As President Trump is fighting in court for his seven-nation travel ban, the tech industry is bracing for another executive order that could hit business hard.
A draft proposal that’s been circulating for a few weeks would impact a range of visas — including the H-1B, business visitor visas, investor visas and work visas for the so-called “dreamers.”
The White House’s plans for the possible executive order are unclear. But it’s a high-priority topic in the tech community.
The H-1B visa program is particularly near and dear to tech. It’s a popular pathway that helps high-skilled foreigners work at U.S. companies. Many talented engineers — along with other professions ranging from journalists, doctors and professors — vie for one of the program’s 85,000 visas each year.
More than 50% of U.S. “unicorns” — or privately-held companies deemed to be worth $ 1 billion or more — have at least one immigrant founder, according to the National Foundation for American Policy. And those founders have created roughly 760 U.S. jobs each.
The draft mandates that the Secretary of Homeland Security produce a report within 90 days reviewing regulations of all work visa programs, including the H-1B. It aims to find ways to make the program “more efficient” and ensure that it’s admitting “the best and the brightest,” according to the draft.
Currently, the visas are doled out by a lottery, and the number of applicants continues to swell each year. In 2016, demand was three times more than the quota.
Manan Mehta, founding partner at Unshackled Ventures, told CNNTech that he’s optimistic about the review process.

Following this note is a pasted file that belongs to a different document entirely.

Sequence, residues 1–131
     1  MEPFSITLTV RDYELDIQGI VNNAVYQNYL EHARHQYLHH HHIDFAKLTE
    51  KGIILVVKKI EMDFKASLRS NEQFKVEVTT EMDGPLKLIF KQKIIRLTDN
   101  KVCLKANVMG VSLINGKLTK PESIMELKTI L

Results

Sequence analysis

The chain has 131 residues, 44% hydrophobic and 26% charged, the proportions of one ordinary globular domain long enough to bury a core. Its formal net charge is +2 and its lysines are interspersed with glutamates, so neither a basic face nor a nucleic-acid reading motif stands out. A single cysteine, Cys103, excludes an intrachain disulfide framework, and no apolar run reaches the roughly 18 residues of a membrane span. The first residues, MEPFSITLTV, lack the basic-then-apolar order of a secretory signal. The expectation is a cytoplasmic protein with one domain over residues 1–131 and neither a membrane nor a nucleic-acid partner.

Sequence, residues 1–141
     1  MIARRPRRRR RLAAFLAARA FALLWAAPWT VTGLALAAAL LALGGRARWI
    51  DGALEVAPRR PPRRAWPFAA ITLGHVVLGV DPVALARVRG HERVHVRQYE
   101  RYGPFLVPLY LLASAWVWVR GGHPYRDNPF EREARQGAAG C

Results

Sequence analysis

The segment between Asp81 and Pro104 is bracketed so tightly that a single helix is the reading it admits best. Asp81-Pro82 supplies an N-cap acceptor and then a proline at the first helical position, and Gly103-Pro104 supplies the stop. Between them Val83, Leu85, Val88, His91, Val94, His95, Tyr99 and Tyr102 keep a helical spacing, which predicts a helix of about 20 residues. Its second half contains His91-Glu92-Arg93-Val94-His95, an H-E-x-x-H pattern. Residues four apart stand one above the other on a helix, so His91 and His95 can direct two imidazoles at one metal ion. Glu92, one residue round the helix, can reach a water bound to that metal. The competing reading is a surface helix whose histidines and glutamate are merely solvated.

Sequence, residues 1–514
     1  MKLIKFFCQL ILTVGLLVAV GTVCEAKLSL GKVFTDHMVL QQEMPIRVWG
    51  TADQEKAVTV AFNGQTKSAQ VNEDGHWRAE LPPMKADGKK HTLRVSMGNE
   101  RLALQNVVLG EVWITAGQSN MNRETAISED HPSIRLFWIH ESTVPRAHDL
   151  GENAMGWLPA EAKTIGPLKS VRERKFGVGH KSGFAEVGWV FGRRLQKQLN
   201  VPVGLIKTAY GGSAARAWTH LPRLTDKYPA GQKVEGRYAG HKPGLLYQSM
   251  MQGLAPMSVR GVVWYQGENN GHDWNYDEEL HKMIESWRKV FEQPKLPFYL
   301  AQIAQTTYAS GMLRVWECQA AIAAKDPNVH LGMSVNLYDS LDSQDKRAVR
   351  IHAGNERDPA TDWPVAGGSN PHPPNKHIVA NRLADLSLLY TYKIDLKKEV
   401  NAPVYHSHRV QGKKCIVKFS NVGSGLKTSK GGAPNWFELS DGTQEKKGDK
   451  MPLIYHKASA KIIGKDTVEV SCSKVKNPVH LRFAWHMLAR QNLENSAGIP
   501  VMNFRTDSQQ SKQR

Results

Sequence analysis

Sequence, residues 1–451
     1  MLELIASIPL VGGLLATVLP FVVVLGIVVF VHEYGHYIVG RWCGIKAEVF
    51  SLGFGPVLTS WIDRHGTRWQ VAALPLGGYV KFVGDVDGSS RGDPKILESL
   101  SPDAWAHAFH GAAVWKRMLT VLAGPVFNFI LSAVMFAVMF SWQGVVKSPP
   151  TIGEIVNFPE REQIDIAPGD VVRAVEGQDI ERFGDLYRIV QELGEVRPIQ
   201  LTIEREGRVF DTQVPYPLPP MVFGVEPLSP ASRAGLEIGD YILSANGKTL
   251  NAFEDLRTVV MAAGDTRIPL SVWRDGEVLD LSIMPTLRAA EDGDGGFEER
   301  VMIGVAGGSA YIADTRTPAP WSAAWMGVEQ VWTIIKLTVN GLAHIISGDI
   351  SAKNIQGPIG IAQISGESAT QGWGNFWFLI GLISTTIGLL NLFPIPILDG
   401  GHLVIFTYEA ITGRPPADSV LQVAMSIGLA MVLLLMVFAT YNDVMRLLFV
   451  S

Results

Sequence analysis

“We actually believe there needs to be a closer look at a lot of the practices,” said Mehta, whose early-stage fund invests in foreign-born entrepreneurs and sponsors their visas. “I’m hopeful that where we land puts preference on foreign nationals that are U.S.-educated and are truly irreplaceable talent.”
Thirteen of the top 15 H-1B filers are global outsourcing firms that feed foreign workers to U.S. companies. Cracking down on these employers will create more opportunities for a broader range of tech workers, Mehta said.
While the visas are used to fill the U.S. skills gap, the Trump administration has spoken out about abuse of the program. Outsourcing firms flood the system with applicants, obtaining visas for foreign workers and then farming them out to tech companies. They take a sizable cut of the salary.
There’s a common misconception that foreign workers are “cheaper” labor. While it’s true that outsourcing firms tend to pay workers less to fill American jobs, other companies that rely on H-1Bs do so because they need the talent, and they’re paying more as a result.
OfferLetter.io, a startup that helps negotiate job offers, looked at 500 job offers from tech companies like Google (, )Twitter (Tech30) and Stripe. , It found that for immigrants with zero to ten years of experience, the average salary is 10% greater than that of U.S. residents. Only after ten years does that decline.
There are many other programs mentioned in the draft that are also important to the tech community. Programs like the J-1, used by those on summer work travel, and the OPT, used by international students who stay in the U.S. after graduating, will be under review. Both were recently revised under the Obama administration. The E-2, an investor visa, is also subject to review.
The draft order specifically calls for increased scrutiny of L-1 visas, which are given to foreign workers who transfer to the U.S. from a company’s office abroad. L-1 visa holders would be subject to site visits, according to the draft. Within six months, Homeland Security would start performing site visits for all L-1 holders. Within two years, the draft order proposes site visits for employment-based visa programs.
Matthew Dunn, a business immigration partner at Kramer Levin, said he’s getting emails and calls “on a minute by minute basis” from clients ranging from tech companies to banks and hospitals, all of whom are worried about an executive order.
Dunn said he’s concerned about any clampdown on foreign talent, especially if programs like the H-1B quota or OPT are downsized. “We will lose many future entrepreneurs who would create future jobs for Americans.”